Friday, February 09, 2007

The Greening of Garbage Trucks

Those big, belching trucks that collect your garbage while getting around 4 mpg may soon be replaced by hybrids that produce energy while braking, gain extra energy from stored hydraulic power while creeping around city streets, and shut off automatically when stopped. This same technology, being prototyped and tested in several cities, also makes sense for delivery vans, shuttle buses, and postal vehicles.

As reported by Frank Greve in a McClatchy Newspapers article, Hybrids could turn big U.S. truck fleets green, hybrid hydraulic vehicles capture up to 75 percent of braking energy, compared to the 25 percent that is typical of hybrid electric vehicles.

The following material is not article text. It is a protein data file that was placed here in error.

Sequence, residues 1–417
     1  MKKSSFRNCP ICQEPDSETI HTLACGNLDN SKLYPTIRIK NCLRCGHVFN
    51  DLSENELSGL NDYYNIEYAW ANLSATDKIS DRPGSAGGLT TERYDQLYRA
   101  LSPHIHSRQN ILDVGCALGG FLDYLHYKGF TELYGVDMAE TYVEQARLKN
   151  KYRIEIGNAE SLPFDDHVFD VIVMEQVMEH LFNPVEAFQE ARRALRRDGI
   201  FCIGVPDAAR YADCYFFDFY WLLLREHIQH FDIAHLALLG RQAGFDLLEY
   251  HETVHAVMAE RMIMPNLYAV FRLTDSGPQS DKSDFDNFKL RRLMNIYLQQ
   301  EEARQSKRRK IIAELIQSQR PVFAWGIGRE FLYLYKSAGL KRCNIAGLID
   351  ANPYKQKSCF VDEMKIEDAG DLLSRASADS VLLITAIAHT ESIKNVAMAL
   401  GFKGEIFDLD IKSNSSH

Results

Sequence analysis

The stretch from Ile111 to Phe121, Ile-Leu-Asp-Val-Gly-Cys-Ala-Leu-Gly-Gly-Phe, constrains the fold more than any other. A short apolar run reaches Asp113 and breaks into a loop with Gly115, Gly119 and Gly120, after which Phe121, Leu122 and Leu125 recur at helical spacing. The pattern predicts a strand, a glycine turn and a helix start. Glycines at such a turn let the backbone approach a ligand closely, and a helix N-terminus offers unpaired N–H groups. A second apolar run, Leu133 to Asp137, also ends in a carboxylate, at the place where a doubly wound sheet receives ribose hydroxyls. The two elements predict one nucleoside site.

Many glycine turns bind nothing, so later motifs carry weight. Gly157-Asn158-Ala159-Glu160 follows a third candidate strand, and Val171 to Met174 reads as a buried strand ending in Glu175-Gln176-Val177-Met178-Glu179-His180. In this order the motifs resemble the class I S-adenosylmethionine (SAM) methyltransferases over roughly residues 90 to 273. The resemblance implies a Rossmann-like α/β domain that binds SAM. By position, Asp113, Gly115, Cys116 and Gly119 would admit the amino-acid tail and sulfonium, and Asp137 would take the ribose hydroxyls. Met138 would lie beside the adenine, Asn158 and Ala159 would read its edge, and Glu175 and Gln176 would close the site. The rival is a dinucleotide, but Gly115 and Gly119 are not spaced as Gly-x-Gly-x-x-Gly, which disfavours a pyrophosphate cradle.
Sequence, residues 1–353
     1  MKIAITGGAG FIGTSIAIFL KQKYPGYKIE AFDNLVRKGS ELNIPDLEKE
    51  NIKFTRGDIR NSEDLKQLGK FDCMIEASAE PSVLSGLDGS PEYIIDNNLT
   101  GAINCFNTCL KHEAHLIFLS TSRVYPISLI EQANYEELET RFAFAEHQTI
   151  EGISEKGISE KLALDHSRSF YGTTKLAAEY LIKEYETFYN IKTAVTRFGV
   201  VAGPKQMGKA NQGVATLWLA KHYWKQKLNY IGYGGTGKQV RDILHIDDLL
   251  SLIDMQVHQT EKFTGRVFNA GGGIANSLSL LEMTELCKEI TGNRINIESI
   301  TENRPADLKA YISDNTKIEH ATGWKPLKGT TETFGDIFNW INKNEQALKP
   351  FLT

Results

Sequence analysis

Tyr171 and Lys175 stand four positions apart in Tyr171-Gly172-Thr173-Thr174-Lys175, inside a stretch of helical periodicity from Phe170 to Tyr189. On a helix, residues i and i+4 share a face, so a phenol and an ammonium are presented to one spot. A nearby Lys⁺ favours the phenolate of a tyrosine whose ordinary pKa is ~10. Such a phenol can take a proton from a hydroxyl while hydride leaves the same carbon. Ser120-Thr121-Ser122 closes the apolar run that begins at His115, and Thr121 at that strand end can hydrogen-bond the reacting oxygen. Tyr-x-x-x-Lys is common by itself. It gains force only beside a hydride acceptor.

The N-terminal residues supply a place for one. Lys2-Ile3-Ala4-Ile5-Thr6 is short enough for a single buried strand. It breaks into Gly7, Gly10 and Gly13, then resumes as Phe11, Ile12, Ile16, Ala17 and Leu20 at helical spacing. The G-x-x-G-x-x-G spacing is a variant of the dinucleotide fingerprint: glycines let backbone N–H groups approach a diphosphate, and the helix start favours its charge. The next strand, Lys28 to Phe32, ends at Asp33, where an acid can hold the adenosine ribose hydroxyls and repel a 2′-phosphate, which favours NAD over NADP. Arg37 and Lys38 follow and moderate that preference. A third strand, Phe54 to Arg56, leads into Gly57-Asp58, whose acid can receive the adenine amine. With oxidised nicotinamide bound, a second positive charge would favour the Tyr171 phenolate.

Right now, however, the purchase incentives are stalled by a crucial component that must be provided by the EPA:

Hybrid trucks seemed to get a major boost from Washington under the Energy Policy Act of 2005, which offers tax credits of up to $12,000 per hybrid truck to compensate for their higher price. The incentive was to start in January 2006, but hybrid makers and potential customers still can't count on it.

That's because the size of the tax credit, which the Internal Revenue Service oversees, depends on how much fuel a hybrid truck saves, and the EPA hasn't come out with a system to measure the fuel savings.

Fuel savings could be enormous once this hurdle is overcome.